|Year Released||1993||Commentary Tracks||None|
|Running Time||73:04 minutes||Other Extras||None|
Warner Home Video
|Pan & Scan/Full Frame||No||MPEG||None|
|Widescreen Aspect Ratio||1.78:1||Dolby Digital||5.1|
|16x9 Enhancement||Yes||Soundtrack Languages||English (Dolby Digital 5.1, 384 Kb/s)
French (Dolby Digital 5.1, 384 Kb/s)
Italian (Dolby Digital 5.1, 384 Kb/s)
|Theatrical Aspect Ratio||1.66:1||
English for the Hearing Impaired
|Annoying Product Placement||No|
|Action In or After Credits||No|
And what an intriguing story he wrote! On the face of it, an exquisitely different Christmas story, but with a lot of depth if you wish to delve. Set in Halloweentown, where the social highlight of the year is the annual Halloween event, masterminded by the Pumpkin King, Jack Skellington (Chris Sarandon). Only problem is that Jack is getting a little jaded by the whole Halloween thing and seeks something more. During an excursion into the woods to seek answers to his feelings, he discovers the doors to all the major holidays, and gets sucked into the Christmas door. Jack finds himself in a happy, colourful place so different from Halloweentown that so affects him that he determines to bring the joys of Christmastown to his fellow citizens - a decidedly odd lot of characters (although you have to love the two faced mayor (Glenn Shadix)). Naturally enough, the ghoulish characters of Halloweentown have a little trouble coming to grips with Christmas, resulting in some slight problems. These problems are manifested in Jack taking Santa's place for the Christmas Eve delivery run, after Santa (Ed Ivory) is kidnapped. Naturally the recipients of Jack's deliveries are not impressed, and eventually he is shot down to prevent further deliveries. Meantime, the only reasonably sane (Santa's description) inhabitant of Halloweentown, Sally (Catherine O'Hara), has attempted to rescue Santa but failed. Jack sees the error of his ways and rescues Santa in time to save Christmas.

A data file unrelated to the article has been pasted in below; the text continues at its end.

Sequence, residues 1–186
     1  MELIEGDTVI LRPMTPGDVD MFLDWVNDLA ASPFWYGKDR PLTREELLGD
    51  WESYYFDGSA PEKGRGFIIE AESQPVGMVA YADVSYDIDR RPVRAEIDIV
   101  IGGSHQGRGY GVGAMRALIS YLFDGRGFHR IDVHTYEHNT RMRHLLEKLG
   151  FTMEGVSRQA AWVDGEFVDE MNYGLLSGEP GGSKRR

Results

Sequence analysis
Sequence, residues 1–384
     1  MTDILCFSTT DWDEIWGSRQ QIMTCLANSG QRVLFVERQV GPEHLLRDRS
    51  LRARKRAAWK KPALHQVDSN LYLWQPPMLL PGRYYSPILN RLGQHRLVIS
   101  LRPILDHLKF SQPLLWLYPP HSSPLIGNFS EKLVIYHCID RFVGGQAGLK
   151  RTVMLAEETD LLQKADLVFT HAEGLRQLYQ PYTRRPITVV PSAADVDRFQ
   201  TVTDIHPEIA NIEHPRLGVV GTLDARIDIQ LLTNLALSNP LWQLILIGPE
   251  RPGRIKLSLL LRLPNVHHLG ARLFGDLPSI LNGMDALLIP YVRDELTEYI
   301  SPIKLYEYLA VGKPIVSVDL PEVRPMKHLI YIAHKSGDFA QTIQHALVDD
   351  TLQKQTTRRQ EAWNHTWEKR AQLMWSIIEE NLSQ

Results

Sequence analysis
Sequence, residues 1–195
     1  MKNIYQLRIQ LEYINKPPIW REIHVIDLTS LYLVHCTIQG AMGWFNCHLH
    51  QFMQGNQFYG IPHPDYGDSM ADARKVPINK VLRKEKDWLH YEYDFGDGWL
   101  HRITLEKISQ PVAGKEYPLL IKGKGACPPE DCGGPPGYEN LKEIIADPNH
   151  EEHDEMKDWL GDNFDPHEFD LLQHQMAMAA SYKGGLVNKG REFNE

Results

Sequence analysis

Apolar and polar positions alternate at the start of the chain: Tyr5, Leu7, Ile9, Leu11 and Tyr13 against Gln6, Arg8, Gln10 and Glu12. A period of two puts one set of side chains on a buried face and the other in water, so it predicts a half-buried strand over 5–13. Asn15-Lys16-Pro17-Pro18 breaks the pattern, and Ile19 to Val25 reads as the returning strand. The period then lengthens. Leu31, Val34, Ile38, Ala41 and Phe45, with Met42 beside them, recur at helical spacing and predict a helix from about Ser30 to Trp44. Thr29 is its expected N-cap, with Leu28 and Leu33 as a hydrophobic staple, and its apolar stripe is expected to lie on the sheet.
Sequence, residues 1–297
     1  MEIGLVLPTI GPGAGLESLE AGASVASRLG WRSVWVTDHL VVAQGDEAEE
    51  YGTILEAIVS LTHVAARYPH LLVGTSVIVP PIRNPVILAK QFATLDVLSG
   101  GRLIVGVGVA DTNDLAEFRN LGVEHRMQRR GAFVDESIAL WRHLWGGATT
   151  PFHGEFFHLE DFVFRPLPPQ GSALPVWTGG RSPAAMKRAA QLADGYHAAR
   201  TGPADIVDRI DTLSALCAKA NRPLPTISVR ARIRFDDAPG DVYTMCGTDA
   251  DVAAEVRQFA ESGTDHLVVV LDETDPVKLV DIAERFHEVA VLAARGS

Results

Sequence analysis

Just as his later Mar's Attacks! was a homage to B-grade science fiction films, this is pretty much Tim Burton's homage to all those great Christmas stories, albeit with a very different twist. It is also a supreme homage to the art of stop-motion animation, which has to some extent fallen out of use due to advances in computer animation. Whilst the blurb on the DVD cover does get a little carried away - I am quite sure Ray Harryhausen would have something to say about "through innovative artistry of stop-motion animation" - there is no doubt that this demonstrates how good stop-motion animation can be. Watching this again on DVD after years feasting on a VHS tape, it is amazing how well done the animation is. And even more staggering is that this was done on such tiny sets. Some years ago I had the good fortune to visit Disney-MGM Studios in Orlando and they had on display some of the sets used in the film, and they just blew me away for size and detail. DVD also brings out the use of the special effects very well, and it is easy to see why this earned on Oscar nomination in 1993 for best visual effects.